enter_lobby()


And call it using one of three ways:

def add(a,b):
return a + b
def sub(a,b):
return a - b
...
problems_1(sub, '-')

problems_1(lambda a,b: a+b, '+')
problems_1(lambda a,b: a-b, '-')

import operator

problems_2(operator.sub, '-')


Using the operator module is neater since it allows you to reuse existing code.

# Account for sorting operands

We left aside the problem of sorting the operands for the substraction problem. This can be incorporated back using a third parameter to tell the function whether or not we should try to sort the operands:

def problems_1(operation, symbol, sort=False):
score = 0

while score < 30:
a = randint(1,10)
b = randint(1,10)

if sort and a < b:
a, b = b, a   # Swap variables using tuple unpacking

result = operation(a, b)

answer = int(raw_input("%i %s %i = " % (a, symbol, b)))

if answer == result:
score = score + 1
print "Good job. Current score is %d" % score

elif answer != result:
print "Oops, the correct answer is %i. Try another one." % result

print "Good job, %s. You passed this course!" % name
enter_lobby()


You can then call your function using

import operator

problems_1(operator.sub, '-', True)


You can also choose to sort unconditionally, it won't change the expected output for + or *; and it will force results to be greater than 1 for / (asuming your “divisions” functions ask for integral division). But having this optional parameter can come in handy when dealing with more difficult problems that can potentially benefit from having substraction produce negative results.

# Expand on greater difficulty

I guess that the _1 at the end of the function name is for “easy” and that you have _2 and _3 types of functions which all look the same.

Again, don't repeat yourself¹. Parametrize your function instead. If all you need to change is the range of the randint calls, then you should use:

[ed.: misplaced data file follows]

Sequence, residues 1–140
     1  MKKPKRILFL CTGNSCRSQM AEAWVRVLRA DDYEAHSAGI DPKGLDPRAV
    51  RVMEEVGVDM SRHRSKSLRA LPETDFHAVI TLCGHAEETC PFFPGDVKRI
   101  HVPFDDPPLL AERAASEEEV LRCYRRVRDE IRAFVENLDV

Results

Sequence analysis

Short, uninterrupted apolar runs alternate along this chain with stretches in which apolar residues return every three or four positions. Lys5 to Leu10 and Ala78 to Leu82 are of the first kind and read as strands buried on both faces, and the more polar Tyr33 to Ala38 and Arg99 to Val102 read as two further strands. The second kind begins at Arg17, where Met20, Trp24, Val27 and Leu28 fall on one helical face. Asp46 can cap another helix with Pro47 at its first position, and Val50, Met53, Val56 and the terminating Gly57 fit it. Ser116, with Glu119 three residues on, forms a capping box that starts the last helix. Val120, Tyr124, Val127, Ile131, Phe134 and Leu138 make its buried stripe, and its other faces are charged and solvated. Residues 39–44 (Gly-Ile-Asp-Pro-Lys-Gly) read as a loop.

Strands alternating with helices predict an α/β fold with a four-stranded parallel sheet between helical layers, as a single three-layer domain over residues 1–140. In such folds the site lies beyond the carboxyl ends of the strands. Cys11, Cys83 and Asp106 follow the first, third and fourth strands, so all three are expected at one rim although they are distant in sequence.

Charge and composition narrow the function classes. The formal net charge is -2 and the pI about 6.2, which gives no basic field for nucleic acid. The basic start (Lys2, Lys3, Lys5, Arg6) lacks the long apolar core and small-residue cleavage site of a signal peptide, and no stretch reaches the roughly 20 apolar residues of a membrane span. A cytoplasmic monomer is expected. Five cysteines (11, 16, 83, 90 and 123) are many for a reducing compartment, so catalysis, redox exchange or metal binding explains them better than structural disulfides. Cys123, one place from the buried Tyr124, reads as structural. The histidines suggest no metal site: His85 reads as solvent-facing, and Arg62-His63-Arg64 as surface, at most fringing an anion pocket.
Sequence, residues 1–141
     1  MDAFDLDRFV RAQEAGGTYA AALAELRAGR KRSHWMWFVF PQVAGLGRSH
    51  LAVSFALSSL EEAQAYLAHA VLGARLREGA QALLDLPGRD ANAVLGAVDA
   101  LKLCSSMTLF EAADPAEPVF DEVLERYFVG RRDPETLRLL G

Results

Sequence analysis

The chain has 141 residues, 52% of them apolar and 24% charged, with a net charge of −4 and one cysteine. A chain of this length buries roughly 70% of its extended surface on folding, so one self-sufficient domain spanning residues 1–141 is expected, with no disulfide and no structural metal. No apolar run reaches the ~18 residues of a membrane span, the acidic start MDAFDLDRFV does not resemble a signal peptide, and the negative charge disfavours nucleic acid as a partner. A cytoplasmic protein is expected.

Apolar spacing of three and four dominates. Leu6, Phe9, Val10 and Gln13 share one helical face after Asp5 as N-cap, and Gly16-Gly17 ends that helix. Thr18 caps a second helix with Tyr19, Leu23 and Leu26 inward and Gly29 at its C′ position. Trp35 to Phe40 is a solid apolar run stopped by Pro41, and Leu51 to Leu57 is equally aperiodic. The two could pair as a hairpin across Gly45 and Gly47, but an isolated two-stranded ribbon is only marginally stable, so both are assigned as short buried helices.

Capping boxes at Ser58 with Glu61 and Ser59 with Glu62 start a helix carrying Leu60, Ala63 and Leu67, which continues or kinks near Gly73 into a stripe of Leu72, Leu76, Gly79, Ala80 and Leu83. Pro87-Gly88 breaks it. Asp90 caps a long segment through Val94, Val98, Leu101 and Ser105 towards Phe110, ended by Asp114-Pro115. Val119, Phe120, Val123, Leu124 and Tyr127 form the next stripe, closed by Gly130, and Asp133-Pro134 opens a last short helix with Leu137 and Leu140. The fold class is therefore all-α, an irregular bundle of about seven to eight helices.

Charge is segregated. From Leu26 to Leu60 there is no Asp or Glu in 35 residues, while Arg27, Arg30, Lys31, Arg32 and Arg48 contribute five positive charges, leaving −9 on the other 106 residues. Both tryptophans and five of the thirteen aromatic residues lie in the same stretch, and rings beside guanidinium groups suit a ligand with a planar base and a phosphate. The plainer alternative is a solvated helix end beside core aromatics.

def problems(operation, symbol, min_op, max_op, sort=False):
score = 0

while score < 30:
a = randint(min_op, max_op)
b = randint(min_op, max_op)

if sort and a < b:
a, b = b, a   # Swap variables using tuple unpacking

result = operation(a, b)

answer = int(raw_input("%i %s %i = " % (a, symbol, b)))

if answer == result:
score = score + 1
print "Good job. Current score is %d" % score

elif answer != result:
print "Oops, the correct answer is %i. Try another one." % result

print "Good job, %s. You passed this course!" % name
enter_lobby()


And that's it. This single tiny change allows you to remove at least 8, all look-alike, functions.

The call then becomes:

import operator

problems(operator.sub, '-', 1, 10, True) # easy
problems(operator.sub, '-', 10, 100, True) # medium
problems(operator.sub, '-', 100, 1000) # hard


# Coding standards

Now that we removed a whole bunch of your code at once, let's write it properly. For starter, you should have noticed that I changed your sum variable into result. This is both because it better express the intent and because sum is a builtin function in Python that you are shadowing. Try to avoid using builtin functions names for your variables, it makes the code less understandable.